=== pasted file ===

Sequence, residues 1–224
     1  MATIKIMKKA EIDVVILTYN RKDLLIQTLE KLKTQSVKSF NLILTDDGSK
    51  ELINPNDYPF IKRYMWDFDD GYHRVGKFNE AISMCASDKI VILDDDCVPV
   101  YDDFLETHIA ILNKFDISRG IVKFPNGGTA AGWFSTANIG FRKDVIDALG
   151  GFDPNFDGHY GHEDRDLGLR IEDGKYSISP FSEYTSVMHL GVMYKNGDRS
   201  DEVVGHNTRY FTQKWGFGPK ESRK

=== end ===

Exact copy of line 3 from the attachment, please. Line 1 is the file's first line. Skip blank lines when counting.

    51  ELINPNDYPF IKRYMWDFDD GYHRVGKFNE AISMCASDKI VILDDDCVPV